Republican former charter school principal Carrie Buck is trying for the third time to win a seat in the swingy Henderson-area district held by termed-out Democrat Joyce Woodhouse. Buck lost to Woodhouse by less than one percentage point in 2016 and proffered herself as a potential replacement in an unsuccessful attempt to recall Woodhouse in 2017.

Currently the head of Pinecrest Foundation, which supports the now eight-school Pinecrest Academy charter school network, Buck raised $211,066 in the latest quarter and spent $60,562, leaving her with $246,023 heading into the final month of her campaign. Her fundraising eclipses that of Democrat Kristee Watson, who reported raising $115,055 and spending $161,266, leaving her with $123,686 to spend in the home stretch.

Buck said her priority bills would require students to read at grade level by fifth grade, and she wants to develop the workforce by identifying available jobs and working backwards to what can prepare middle and high schoolers for those openings. 

Watson is the program facilitator for literacy nonprofit Spread the Word Nevada. She ran for an Assembly seat in 2018, but lost to Republican Melissa Hardy by about nine percentage points.

Libertarian and retired electrical engineer Tim Hagan is also competing in the race and reported $6,000 in contributions last quarter, all from an in-kind donation for video production. All three candidates ran unopposed in their June primaries. 

Democrats hold a roughly 6 percent voter registration advantage in the district over Republicans as of the most recent registration data available, with 37.7 percent registered as Democrats, 31.8 percent registered Republicans and 24 percent nonpartisan. Senate District 5 includes portions of Henderson and southeastern Las Vegas. 

At the same time in 2016, Democrats represented about 38.9 percent of registered voters compared to roughly 34 percent of Republicans, or about a 5 point difference in voter registration advantage (with about 20.1 percent of voters registered as nonpartisan).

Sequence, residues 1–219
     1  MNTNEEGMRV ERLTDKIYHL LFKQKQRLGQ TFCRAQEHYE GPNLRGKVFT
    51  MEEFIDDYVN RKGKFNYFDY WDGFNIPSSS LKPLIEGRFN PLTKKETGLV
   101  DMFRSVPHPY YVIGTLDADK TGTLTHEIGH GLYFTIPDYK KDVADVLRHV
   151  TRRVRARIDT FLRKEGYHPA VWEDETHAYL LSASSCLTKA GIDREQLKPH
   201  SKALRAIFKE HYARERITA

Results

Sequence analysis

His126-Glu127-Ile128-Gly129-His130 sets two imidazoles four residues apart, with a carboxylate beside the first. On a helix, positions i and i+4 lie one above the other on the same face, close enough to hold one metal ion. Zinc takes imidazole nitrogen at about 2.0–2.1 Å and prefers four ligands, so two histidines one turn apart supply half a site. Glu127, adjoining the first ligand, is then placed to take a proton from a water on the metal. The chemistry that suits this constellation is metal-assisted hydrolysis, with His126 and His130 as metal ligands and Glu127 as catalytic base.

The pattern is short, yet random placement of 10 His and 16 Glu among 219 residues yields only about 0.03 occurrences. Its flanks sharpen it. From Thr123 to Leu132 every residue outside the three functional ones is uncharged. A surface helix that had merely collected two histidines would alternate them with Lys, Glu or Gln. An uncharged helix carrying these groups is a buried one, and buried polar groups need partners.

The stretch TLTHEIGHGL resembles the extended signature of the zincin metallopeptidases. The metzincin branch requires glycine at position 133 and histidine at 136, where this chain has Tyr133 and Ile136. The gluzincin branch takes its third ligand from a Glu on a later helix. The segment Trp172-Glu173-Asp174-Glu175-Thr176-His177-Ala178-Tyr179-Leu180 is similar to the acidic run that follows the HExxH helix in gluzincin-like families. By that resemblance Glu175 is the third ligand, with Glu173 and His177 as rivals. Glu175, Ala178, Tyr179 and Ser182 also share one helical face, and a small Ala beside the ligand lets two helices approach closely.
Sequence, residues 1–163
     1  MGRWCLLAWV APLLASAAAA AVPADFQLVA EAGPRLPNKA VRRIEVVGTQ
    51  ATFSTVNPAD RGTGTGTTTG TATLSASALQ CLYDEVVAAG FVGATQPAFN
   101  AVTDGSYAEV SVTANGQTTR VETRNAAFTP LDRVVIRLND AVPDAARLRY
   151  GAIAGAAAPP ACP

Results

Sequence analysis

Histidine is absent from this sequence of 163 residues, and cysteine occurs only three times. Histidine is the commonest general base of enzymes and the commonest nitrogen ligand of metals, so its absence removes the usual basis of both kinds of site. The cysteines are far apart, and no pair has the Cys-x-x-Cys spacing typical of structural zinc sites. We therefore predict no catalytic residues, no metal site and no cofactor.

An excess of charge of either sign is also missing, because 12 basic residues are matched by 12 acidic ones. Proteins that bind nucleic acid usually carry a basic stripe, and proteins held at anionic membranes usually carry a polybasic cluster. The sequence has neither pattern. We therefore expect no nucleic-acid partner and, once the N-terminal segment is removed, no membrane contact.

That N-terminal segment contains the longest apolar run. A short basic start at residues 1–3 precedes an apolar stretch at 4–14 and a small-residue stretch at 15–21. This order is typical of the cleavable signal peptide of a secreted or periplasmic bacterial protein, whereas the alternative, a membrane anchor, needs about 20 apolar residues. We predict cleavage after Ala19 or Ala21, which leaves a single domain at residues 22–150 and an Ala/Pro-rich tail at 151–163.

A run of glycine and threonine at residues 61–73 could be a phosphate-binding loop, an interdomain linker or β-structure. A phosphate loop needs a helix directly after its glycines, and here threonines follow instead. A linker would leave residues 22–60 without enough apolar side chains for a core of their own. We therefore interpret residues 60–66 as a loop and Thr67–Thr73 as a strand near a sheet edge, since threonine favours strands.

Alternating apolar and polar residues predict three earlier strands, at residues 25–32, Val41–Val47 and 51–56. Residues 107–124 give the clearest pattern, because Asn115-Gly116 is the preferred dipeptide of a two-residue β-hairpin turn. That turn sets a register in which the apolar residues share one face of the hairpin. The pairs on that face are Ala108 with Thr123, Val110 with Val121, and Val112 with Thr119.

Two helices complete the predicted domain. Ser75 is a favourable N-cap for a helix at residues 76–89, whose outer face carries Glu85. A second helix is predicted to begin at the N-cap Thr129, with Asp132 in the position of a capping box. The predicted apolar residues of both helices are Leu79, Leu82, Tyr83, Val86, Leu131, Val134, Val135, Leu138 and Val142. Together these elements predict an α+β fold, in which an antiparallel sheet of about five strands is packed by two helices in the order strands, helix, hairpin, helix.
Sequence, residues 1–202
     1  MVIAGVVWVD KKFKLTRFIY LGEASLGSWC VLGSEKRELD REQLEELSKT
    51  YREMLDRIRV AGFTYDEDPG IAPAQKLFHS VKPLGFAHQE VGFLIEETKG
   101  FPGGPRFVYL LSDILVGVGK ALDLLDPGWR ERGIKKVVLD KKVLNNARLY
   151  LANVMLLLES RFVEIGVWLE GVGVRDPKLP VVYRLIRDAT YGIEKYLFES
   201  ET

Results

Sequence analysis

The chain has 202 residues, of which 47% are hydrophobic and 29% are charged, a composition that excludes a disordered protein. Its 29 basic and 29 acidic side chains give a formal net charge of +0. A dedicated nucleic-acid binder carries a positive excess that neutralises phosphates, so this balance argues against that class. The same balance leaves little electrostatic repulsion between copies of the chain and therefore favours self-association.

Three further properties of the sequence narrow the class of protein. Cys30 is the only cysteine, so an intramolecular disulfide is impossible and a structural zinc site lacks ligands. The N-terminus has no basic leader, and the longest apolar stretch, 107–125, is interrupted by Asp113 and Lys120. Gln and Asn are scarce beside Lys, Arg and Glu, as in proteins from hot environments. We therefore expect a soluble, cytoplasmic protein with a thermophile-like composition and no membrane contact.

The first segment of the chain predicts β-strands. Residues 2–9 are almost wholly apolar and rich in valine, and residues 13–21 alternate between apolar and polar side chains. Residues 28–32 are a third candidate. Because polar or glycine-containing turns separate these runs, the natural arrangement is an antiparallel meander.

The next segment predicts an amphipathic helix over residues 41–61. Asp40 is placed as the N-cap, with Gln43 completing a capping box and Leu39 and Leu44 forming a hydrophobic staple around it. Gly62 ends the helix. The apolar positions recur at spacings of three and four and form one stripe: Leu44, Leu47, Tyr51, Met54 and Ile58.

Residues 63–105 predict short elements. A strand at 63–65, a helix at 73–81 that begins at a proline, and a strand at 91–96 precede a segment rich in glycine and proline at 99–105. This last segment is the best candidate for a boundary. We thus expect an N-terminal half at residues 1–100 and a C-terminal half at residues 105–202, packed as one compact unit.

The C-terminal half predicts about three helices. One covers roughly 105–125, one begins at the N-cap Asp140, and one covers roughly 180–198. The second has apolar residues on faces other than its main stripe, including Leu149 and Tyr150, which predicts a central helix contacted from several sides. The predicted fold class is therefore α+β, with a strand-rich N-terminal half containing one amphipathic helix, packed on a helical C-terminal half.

Senate District 6 - Cannizzaro/Becker

Prosecutor and Democratic Senate Majority Leader Nicole Cannizzaro is in a fierce contest to keep her swingy Summerlin-area seat this cycle. She faces Republican real estate attorney April Becker in a race that is a referendum on one of the most powerful decision makers in the Legislature and therefore the direction of the body as a whole, including bills passed on narrow margins and late-night hearings on major policy.

“There's plenty to campaign on right now, just over the behavior of the Senate majority, the politics that were played,” Bailor said. “It's unnecessary, especially when we are dealing with such a large economic burden and such a health care crisis.”

Cannizzaro raised $193,131 in the latest quarter and spent $302,972, with a massive war chest of $581,936 cash on hand heading into the final month of the campaign. Becker topped her fundraising haul in the latest quarter, bringing in $248,668, but spent $217,527 and has less cash on hand — $181,011 — heading into the last month of the campaign.

Cannizzaro’s television campaign focuses largely on health care — touting votes for protecting people with pre-existing conditions and ending surprise hospital billing — while accusing Becker of being supported by politicians who support repealing the Affordable Care Act.

Bruce said that Cannizzaro’s campaign was focused largely on the twin points of health care and education, while also addressing the state’s pandemic response and recovery. She said many of the complaints about the rushed legislative process during the special sessions came from lobbyists or other legislative watchers and not from normal citizens.

“It's kind of a disconnect between what the general lobby corp and Carson City insiders would say, versus what every day voter and citizen in Nevada would say about that,” she said.

A centerpiece of Becker’s campaign has been riding around her district in a bright blue ice cream truck meeting voters. Her ads accuse Cannizzaro of voting to raise her own pay (through support of annual legislative sessions) and promises that she’ll donate her legislative salary to teachers.

Becker also criticized moves to scale back Opportunity Scholarships, which give businesses tax credits for donations to scholarships that families can use to attend private schools, and argues that “we need to stiffen penalties on dangerous felons.”

Democrats hold about an 8 point voter registration advantage in this district over Republicans, with the most recent data showing the district’s more than 84,000 voters to have 39.7 percent registered Democrats, 31.8 percent registered Republicans, and 22.4 percent registered nonpartisan.

That’s a slightly smaller percentage advantage than the 8.5 percent registration advantage Democrats enjoyed in 2016, which saw registration made up of 40.9 percent registered Democrats, 32.4 percent registered Republicans and 19.2 percent registered non-partisan.